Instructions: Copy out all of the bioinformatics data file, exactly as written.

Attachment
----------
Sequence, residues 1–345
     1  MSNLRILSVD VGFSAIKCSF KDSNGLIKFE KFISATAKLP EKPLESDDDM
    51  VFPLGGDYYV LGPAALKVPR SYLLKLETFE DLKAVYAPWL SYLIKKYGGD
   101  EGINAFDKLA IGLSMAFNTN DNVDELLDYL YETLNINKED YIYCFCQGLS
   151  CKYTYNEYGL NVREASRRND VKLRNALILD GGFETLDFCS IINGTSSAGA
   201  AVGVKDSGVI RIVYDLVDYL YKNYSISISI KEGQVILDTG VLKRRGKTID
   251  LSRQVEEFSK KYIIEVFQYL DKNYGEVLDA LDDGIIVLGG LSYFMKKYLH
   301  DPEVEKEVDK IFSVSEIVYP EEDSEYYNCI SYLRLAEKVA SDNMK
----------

Sequence, residues 1–345
     1  MSNLRILSVD VGFSAIKCSF KDSNGLIKFE KFISATAKLP EKPLESDDDM
    51  VFPLGGDYYV LGPAALKVPR SYLLKLETFE DLKAVYAPWL SYLIKKYGGD
   101  EGINAFDKLA IGLSMAFNTN DNVDELLDYL YETLNINKED YIYCFCQGLS
   151  CKYTYNEYGL NVREASRRND VKLRNALILD GGFETLDFCS IINGTSSAGA
   201  AVGVKDSGVI RIVYDLVDYL YKNYSISISI KEGQVILDTG VLKRRGKTID
   251  LSRQVEEFSK KYIIEVFQYL DKNYGEVLDA LDDGIIVLGG LSYFMKKYLH
   301  DPEVEKEVDK IFSVSEIVYP EEDSEYYNCI SYLRLAEKVA SDNMK